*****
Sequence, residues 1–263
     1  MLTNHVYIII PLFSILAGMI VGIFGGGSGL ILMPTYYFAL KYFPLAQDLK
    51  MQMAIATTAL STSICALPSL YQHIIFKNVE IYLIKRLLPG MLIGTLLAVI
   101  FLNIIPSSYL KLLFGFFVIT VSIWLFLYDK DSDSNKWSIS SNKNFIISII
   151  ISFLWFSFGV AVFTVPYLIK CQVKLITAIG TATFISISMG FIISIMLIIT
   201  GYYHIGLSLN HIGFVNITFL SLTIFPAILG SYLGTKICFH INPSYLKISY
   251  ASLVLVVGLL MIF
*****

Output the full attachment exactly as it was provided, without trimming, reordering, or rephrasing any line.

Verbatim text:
Sequence, residues 1–263
     1  MLTNHVYIII PLFSILAGMI VGIFGGGSGL ILMPTYYFAL KYFPLAQDLK
    51  MQMAIATTAL STSICALPSL YQHIIFKNVE IYLIKRLLPG MLIGTLLAVI
   101  FLNIIPSSYL KLLFGFFVIT VSIWLFLYDK DSDSNKWSIS SNKNFIISII
   151  ISFLWFSFGV AVFTVPYLIK CQVKLITAIG TATFISISMG FIISIMLIIT
   201  GYYHIGLSLN HIGFVNITFL SLTIFPAILG SYLGTKICFH INPSYLKISY
   251  ASLVLVVGLL MIF